Wednesday, April 3, 2019

Secret Agent #9

GENRE: MG Fantasy

Two hundred years after the drought began, on the bone-dry steppes just east of the Idylls, a tiny blue bottle lay in a patch of brown grass. Its surface sparkled in the morning light until the movement caught a young shepherd’s eye.

She was out scouring the ground below the Mountain Road for lily roots to boil for breakfast. She scooped up the little vessel. She fiddled with the opening. But the bottle’s red stopper was stubborn. When the shepherd ran her knife around it, the blade could get no purchase.

The girl rolled the bottle across her palm and smiled as the summer sun played magiclike with the facets cuts into it. How fine it would be to keep it! Yet the truth of the steppes, where second chances were few and far between, was different. Fine objects like this were meant to get sold.

So, that she did, and for a great sum, too. A passing tin trader laid out four whole copper florins for it, and in this way the bottle began its journey across the empire, bringing each new seller more money than the last. First, a water merchant bought it for thirty copper florins, and then a linen trader for a few coins more, until far from the steppes, in a bustling market city, a glazier by the name of Serra Bernar Tomas exchanged the bottle for a mere thirty silver florins.


  1. Aw, i was hoping the shepherd girl was going on a fantasy adventure ;) But interesting to start with the magic object on its own journey. Beautiful writing and setting, you bring us into the world well, but I do still wonder who the MG MC is.

  2. Interesting start. The movement caught the shepherd's eye? Did the bottle move on its own, or just the light moving across it? I was somewhat confused there. It's fantasy, so maybe the bottle can move? Unclear. And know that there should only be one or two exclamation points in the entire book. Editors hate them. FYI! ;)

  3. Loved the first sentence. Good descriptions. Second paragraph has three consecutive sentences that start with "she." Need to mix up the sentence structure within a parent to keep the reader's interest. This feels like a prologue, which may very well be what you have in mind. Perhaps the story (with the main character) begins at chapter 1 then.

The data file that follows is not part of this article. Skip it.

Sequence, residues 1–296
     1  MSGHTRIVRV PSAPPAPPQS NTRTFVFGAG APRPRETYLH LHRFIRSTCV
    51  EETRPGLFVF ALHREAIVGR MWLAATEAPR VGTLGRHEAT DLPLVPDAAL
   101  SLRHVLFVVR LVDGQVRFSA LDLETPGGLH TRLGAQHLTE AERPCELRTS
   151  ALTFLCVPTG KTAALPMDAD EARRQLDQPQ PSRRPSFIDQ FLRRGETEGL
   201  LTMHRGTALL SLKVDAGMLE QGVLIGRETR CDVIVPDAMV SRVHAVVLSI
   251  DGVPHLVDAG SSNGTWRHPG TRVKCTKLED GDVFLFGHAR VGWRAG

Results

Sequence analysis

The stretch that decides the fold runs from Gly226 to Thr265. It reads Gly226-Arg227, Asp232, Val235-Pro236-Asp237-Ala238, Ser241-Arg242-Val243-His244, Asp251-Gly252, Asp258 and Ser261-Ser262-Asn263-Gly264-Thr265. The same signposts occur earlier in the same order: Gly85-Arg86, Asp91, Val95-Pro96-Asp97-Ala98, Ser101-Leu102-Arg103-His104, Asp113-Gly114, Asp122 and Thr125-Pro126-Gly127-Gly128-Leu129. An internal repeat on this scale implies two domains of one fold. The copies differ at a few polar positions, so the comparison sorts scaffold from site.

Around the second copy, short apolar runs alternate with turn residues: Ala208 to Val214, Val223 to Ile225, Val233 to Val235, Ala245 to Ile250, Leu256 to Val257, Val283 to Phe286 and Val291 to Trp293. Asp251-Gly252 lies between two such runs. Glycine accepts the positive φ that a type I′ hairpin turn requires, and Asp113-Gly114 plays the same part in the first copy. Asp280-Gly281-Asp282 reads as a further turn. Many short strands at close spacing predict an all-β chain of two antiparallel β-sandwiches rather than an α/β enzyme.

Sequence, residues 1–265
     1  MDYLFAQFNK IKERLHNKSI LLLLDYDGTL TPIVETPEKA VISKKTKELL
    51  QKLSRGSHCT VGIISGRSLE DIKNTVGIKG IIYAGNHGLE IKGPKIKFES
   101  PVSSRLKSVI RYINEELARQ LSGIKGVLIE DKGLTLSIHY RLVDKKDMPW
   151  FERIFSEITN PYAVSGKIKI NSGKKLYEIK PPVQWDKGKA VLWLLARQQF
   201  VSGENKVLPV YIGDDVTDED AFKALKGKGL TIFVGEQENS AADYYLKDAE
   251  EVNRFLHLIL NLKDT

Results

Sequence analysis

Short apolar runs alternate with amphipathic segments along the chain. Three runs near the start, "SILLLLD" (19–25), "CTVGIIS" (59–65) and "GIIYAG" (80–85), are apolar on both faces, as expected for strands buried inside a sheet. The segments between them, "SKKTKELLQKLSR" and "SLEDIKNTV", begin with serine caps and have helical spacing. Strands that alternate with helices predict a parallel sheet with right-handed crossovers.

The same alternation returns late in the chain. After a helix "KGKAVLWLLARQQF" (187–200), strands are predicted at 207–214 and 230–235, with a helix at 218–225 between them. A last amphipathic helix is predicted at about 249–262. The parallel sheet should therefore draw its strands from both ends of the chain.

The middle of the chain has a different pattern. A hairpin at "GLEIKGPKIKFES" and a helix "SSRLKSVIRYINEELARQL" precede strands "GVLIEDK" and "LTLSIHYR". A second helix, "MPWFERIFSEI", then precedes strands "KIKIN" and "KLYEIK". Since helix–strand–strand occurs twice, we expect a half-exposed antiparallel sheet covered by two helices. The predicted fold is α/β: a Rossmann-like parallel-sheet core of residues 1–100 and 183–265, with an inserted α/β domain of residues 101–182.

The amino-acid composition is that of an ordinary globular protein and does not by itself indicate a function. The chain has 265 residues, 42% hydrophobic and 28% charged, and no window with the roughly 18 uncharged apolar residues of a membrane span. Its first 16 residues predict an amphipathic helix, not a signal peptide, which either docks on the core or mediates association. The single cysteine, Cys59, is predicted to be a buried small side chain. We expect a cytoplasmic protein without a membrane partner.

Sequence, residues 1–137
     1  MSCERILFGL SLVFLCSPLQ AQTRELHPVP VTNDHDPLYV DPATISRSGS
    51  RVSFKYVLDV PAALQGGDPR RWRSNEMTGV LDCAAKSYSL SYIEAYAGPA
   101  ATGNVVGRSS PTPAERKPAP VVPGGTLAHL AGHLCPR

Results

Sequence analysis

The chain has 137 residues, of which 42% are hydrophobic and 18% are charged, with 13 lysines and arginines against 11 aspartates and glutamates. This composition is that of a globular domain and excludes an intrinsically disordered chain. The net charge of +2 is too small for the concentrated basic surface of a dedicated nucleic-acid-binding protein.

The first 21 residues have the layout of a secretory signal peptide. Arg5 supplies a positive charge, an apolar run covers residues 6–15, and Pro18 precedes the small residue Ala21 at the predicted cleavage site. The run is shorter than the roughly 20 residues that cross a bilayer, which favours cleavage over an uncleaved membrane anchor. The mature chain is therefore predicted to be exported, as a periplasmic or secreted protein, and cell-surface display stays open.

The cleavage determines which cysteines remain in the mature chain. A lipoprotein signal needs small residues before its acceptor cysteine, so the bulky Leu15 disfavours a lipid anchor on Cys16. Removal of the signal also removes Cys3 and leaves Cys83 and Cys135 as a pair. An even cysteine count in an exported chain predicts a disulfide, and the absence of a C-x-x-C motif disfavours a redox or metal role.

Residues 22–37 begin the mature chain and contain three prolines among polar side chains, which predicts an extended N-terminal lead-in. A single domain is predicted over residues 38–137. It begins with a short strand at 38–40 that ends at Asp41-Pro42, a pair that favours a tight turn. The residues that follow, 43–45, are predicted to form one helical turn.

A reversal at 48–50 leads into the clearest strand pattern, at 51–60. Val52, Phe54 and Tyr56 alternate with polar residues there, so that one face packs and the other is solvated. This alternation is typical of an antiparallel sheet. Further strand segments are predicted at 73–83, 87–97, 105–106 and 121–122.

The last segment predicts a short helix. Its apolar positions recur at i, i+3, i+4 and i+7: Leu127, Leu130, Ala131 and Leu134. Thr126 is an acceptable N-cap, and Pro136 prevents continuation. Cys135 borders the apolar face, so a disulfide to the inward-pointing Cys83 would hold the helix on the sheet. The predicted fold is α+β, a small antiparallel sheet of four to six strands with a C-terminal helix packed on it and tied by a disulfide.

4. I could see the bottle's journey as an opening to a movie, but I'm not sure it works here. You spent so much time with the shepherd, I thought she would be the MC, then things suddenly switched to the bottle as MC. Perhaps cut down the shepherd's scene so it's as quick as all the othets, so we know right away this opening is about the bottle.

  5. Lovely world building and nice escort along the journey of the blue bottle until it falls into our MC's hands.
    I agree with Diane: fix the sentences that all start with she. This does feel like a prologue...which I personally like...but which I read agents do not like? I was wanting to know the shepherd girl's name until I realized she was not going to be the MC or focus. Therefore, you might shorten the time you spend on her with the bottle. I think the phrase should be "meant to be sold" not meant to get sold. And for a MG reader, could you explain what a glazier is? I don't think they would know. I like the beginning and would want to keep reading. Good luck with this ms.

  6. Nice, varied use of sentence structure. I'm immediately drawn to the mountains and shepherding, as well. I'm actively seeking nonfiction right now about modern victory gardens, as well, so the character's use of lily roots for breakfast is an instant connection for me.

    The pace of the opening reminds me of old fables, though. Not a bad thing, but unexpected, and if it happens too often would be exhausting for me.

    I'm not getting a sense of worldbuilding in this one, but rather a since of historical. I'm curious where it's going, and there's nothing in here that would make me stop reading, but I do wish I had synopses for these. I like the writing and the setting it opens with, but as I reflect back, I'm not feeling any sort of connection to the character; the point of view feels like distant third, which may be too removed for middle grade.

    Things I liked:
    • varied writing structure, well suited for readership
    • unique setting and opening scene

    • distant, storytelling POV in last paragraph
    • jump in time, feels more suited for the pace of a fable than a middle grade novel